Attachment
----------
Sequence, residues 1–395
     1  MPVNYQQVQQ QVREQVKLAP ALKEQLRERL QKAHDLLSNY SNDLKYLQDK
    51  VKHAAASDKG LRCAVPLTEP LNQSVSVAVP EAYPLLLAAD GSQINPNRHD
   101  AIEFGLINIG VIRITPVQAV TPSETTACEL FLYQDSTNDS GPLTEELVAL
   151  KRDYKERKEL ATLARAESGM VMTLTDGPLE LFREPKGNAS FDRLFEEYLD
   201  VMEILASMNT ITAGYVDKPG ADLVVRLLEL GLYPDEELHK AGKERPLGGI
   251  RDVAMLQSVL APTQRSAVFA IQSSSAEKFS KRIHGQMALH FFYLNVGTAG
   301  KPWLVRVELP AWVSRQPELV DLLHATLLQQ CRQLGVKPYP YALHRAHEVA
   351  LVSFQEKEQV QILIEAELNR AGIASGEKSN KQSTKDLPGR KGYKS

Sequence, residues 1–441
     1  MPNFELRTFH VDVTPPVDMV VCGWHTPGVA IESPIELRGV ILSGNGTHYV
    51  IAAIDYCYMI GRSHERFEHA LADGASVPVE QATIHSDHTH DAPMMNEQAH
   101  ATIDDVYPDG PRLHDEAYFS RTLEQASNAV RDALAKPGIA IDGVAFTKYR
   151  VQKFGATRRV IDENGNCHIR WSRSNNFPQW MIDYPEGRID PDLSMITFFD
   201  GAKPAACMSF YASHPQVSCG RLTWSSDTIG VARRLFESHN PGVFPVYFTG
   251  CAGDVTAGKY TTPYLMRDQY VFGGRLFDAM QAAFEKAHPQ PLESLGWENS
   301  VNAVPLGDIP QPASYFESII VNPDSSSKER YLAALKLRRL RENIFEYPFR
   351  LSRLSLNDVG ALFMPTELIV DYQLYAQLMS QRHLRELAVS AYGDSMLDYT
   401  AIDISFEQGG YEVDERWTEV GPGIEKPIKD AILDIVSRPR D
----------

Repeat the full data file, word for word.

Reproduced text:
Sequence, residues 1–395
     1  MPVNYQQVQQ QVREQVKLAP ALKEQLRERL QKAHDLLSNY SNDLKYLQDK
    51  VKHAAASDKG LRCAVPLTEP LNQSVSVAVP EAYPLLLAAD GSQINPNRHD
   101  AIEFGLINIG VIRITPVQAV TPSETTACEL FLYQDSTNDS GPLTEELVAL
   151  KRDYKERKEL ATLARAESGM VMTLTDGPLE LFREPKGNAS FDRLFEEYLD
   201  VMEILASMNT ITAGYVDKPG ADLVVRLLEL GLYPDEELHK AGKERPLGGI
   251  RDVAMLQSVL APTQRSAVFA IQSSSAEKFS KRIHGQMALH FFYLNVGTAG
   301  KPWLVRVELP AWVSRQPELV DLLHATLLQQ CRQLGVKPYP YALHRAHEVA
   351  LVSFQEKEQV QILIEAELNR AGIASGEKSN KQSTKDLPGR KGYKS

Sequence, residues 1–441
     1  MPNFELRTFH VDVTPPVDMV VCGWHTPGVA IESPIELRGV ILSGNGTHYV
    51  IAAIDYCYMI GRSHERFEHA LADGASVPVE QATIHSDHTH DAPMMNEQAH
   101  ATIDDVYPDG PRLHDEAYFS RTLEQASNAV RDALAKPGIA IDGVAFTKYR
   151  VQKFGATRRV IDENGNCHIR WSRSNNFPQW MIDYPEGRID PDLSMITFFD
   201  GAKPAACMSF YASHPQVSCG RLTWSSDTIG VARRLFESHN PGVFPVYFTG
   251  CAGDVTAGKY TTPYLMRDQY VFGGRLFDAM QAAFEKAHPQ PLESLGWENS
   301  VNAVPLGDIP QPASYFESII VNPDSSSKER YLAALKLRRL RENIFEYPFR
   351  LSRLSLNDVG ALFMPTELIV DYQLYAQLMS QRHLRELAVS AYGDSMLDYT
   401  AIDISFEQGG YEVDERWTEV GPGIEKPIKD AILDIVSRPR D